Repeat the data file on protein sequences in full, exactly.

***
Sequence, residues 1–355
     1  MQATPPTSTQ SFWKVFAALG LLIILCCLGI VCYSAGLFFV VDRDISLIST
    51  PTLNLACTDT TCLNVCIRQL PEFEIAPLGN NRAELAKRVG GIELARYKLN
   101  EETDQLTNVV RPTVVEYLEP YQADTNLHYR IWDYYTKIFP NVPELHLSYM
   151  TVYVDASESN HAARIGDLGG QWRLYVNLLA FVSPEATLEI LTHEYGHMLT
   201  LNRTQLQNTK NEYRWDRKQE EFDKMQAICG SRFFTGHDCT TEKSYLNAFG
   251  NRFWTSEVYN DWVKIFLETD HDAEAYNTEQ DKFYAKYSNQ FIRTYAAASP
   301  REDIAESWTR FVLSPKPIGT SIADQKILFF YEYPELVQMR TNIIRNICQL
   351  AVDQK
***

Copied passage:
Sequence, residues 1–355
     1  MQATPPTSTQ SFWKVFAALG LLIILCCLGI VCYSAGLFFV VDRDISLIST
    51  PTLNLACTDT TCLNVCIRQL PEFEIAPLGN NRAELAKRVG GIELARYKLN
   101  EETDQLTNVV RPTVVEYLEP YQADTNLHYR IWDYYTKIFP NVPELHLSYM
   151  TVYVDASESN HAARIGDLGG QWRLYVNLLA FVSPEATLEI LTHEYGHMLT
   201  LNRTQLQNTK NEYRWDRKQE EFDKMQAICG SRFFTGHDCT TEKSYLNAFG
   251  NRFWTSEVYN DWVKIFLETD HDAEAYNTEQ DKFYAKYSNQ FIRTYAAASP
   301  REDIAESWTR FVLSPKPIGT SIADQKILFF YEYPELVQMR TNIIRNICQL
   351  AVDQK